According to Dr. Robert Puff, PHD writing on Physcologytoday.com, one’s ability to adapt to change is the determining factor in happiness. We all know that change is inevitable, so being able to anticipate and adapt to the change we all know is coming will decide one’s happiness.
I have often said that this lifestyle would either attract people for whom change is no adversary or it will make a person this way. One cannot be happy cruising if they are averse to change. There is very little about this life that is known or set in stone. The stops we make, the plans we research, everything we do is left to the vagaries of the weather and a machine which, regardless how well it is maintained, will incapacitate your trip from time to time.
This is not the first time I have become overwhelmed in a new country. But this is the first time I had to fight back feelings of panic given that we will be living here for the next 6 months. This was the first time that I had to admonish myself to keep my mind and spirit and heart open to all the new experiences. And for these first two weeks, I am breathing into the change and embracing the newness of this experience.
And my disposition has drastically improved. For one thing, I may not know how to say or read “butter” but 90 percent of the food we eat on board comes from the market and the market here is second to NONE. By the time we made it to the market that first Saturday, I felt my mood lighten and my spirit lift and within 20 minutes of my arrival, I was joyful. Stunned at the feeling of love and joy that overcame me, I had to take a moment to ask why? Why did standing amongst these lovely farmers, and rural shoppers surrounded by the most incredibly tasting fruit and vegetables I have ever eaten have such a profound impact on my peace of mind. I’m not sure but I think it is this: First, all the fresh food was a reminder of the abundance that we enjoy in our life. Regardless of any materialistic thing, the fresh food, and the abundance of it, is an enormous gift and nothing to take for granted. Alec added that the energy in the market is higher, and I think it is the energy emanating from the food as well as the people who shop and grow what is sold here.
I left with very little in my bag from the grocery store that day, but the bags upon bags of fresh fruit and veg we found in the market – you can’t believe! And while, as a longstanding coffee snob, I’m struggling to adapt to a very tea centric culture, I have enjoyed a few cups and I can see that I may well be a convert, at least while here anyway.
I am reminded of the grocery store trip in Italy, overjoyed I was that I finally found what I thought was tahini and bought several large jars to discover a few hours later, on board, that we had bought mustard. None of us a fan of the condiment, I found a lovely recipe for honey mustard dressing and now I can’t keep enough mustard on board!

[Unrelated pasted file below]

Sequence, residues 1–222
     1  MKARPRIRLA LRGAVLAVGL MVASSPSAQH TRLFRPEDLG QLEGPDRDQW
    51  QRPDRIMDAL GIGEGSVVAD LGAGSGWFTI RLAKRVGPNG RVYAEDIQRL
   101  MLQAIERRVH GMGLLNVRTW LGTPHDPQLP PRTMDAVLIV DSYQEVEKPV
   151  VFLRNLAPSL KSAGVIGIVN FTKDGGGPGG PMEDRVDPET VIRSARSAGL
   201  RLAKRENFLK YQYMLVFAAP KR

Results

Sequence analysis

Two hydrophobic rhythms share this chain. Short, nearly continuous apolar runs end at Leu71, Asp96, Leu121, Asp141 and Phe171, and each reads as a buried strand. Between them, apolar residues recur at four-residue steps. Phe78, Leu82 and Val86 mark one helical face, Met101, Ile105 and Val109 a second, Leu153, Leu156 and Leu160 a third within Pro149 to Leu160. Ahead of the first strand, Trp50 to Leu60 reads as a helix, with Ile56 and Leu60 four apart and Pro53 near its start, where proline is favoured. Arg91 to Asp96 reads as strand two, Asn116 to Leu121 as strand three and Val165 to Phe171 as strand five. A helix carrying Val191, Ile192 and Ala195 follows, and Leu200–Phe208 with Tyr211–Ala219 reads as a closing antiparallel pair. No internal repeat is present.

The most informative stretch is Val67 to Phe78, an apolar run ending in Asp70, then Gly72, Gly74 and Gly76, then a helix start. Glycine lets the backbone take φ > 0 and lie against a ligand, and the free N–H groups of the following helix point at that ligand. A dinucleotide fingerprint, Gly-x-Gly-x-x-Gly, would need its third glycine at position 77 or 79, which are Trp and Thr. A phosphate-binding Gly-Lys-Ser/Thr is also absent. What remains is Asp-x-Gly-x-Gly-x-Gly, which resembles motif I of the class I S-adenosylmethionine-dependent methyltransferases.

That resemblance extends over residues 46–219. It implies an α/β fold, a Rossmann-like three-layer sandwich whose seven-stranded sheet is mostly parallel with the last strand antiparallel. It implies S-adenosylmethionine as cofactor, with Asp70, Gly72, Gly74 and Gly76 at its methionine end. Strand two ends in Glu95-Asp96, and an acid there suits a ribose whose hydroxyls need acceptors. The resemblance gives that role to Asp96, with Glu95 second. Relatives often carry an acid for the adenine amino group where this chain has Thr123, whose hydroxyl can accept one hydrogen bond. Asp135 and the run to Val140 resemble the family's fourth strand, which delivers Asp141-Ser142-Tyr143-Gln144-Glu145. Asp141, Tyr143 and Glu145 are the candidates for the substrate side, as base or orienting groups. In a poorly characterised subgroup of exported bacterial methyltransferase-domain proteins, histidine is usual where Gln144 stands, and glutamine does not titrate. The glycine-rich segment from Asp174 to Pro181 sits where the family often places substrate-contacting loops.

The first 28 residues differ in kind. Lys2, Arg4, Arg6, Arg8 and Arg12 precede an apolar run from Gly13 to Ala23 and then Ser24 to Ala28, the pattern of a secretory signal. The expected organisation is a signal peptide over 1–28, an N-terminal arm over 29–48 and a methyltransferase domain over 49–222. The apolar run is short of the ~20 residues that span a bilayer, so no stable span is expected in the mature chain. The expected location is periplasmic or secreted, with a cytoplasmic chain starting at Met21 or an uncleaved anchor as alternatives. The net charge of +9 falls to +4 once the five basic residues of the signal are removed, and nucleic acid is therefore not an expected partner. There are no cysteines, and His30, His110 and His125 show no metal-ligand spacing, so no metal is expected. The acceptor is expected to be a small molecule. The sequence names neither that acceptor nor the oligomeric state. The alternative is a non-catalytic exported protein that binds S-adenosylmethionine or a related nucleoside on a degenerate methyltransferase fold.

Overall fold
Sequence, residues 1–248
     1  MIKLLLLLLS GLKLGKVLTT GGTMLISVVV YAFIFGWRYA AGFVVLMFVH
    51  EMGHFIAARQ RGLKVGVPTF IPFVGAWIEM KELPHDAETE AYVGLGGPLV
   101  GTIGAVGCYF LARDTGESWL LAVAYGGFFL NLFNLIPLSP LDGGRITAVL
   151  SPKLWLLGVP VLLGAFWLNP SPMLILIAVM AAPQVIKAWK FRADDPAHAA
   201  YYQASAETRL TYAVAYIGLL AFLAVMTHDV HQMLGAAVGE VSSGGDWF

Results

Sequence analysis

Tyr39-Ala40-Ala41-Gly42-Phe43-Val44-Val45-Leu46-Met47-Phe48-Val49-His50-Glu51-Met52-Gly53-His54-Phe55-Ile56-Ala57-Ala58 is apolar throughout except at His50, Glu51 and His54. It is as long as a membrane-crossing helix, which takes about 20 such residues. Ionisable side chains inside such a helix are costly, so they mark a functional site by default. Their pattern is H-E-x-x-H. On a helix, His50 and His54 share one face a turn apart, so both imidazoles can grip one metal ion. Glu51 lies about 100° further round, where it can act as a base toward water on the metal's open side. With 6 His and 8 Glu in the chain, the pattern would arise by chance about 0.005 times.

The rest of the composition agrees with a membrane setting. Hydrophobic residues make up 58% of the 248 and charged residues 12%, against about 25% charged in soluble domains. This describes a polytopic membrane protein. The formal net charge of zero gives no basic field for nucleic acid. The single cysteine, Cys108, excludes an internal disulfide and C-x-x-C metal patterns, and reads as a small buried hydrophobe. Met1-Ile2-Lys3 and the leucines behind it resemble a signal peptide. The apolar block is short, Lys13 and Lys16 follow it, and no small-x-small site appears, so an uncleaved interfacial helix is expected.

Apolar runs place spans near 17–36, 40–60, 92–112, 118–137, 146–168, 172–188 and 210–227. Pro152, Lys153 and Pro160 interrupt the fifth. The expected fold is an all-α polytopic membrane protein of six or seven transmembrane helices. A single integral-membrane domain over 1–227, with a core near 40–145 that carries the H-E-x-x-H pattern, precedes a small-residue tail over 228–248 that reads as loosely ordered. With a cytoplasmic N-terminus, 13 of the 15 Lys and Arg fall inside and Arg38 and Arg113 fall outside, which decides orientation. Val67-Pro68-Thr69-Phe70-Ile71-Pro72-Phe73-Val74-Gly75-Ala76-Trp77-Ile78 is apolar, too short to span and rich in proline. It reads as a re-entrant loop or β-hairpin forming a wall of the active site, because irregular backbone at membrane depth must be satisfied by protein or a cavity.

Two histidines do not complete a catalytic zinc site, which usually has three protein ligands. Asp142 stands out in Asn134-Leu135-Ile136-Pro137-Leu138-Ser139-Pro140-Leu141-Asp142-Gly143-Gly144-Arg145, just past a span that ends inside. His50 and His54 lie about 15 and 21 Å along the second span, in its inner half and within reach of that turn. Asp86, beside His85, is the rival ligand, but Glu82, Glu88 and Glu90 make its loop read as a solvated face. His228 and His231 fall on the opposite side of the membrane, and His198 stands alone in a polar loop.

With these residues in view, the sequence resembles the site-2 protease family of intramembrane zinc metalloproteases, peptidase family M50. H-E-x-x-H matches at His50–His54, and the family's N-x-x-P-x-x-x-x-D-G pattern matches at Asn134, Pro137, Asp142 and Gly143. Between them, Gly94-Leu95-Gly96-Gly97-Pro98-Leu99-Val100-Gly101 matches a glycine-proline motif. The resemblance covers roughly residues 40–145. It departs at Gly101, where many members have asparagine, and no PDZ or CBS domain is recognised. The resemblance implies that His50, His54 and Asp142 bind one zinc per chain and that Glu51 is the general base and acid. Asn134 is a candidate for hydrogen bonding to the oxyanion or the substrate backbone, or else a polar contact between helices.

We rode our bikes the Ancient Greek sanctuary called Didyma and it was amazing. Founded in the 8th century BC, evidence of the temples to the twins, Apollo and Artemis dominates the grounds but other deities were also worshipped here. Look for people in the photo for some idea of the size and scope of this remarkable project.
I hope to write several more posts about the Turkish culture in the coming months but what I can tell you today after this short time here is that the handful of people we have met, are kind and warm and hospitable. The fruits and vegetables are incredible. The cost of living is incredibly low – but sadly for the Turks, inflation is very high. I feel grateful that I don’t have a bank account full of Turkish lira losing value every day. The waters here are unspoiled and the country incredibly clean and the historically significant archeological sites are remarkable.
3 thoughts on “Didim, Turkey”
So glad your having lots of fun. Its one thing after the other here for me. The eye doc told me I need catarick surgery,both eyes. So now the plans r set in motion. This could take months. O,well. Eventually I will catch up with you guys. Keep the pics coming.
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Interesting and I love how you write…I could feel your panic in my soul, but as always you grew, breathed an allowed God to show you what his path was:) ❤️
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I have goosebumps. Thank you. I have to go back and write about Athens but I wanted to capture the flood of emotion during that first week – Now we have been here a month already xx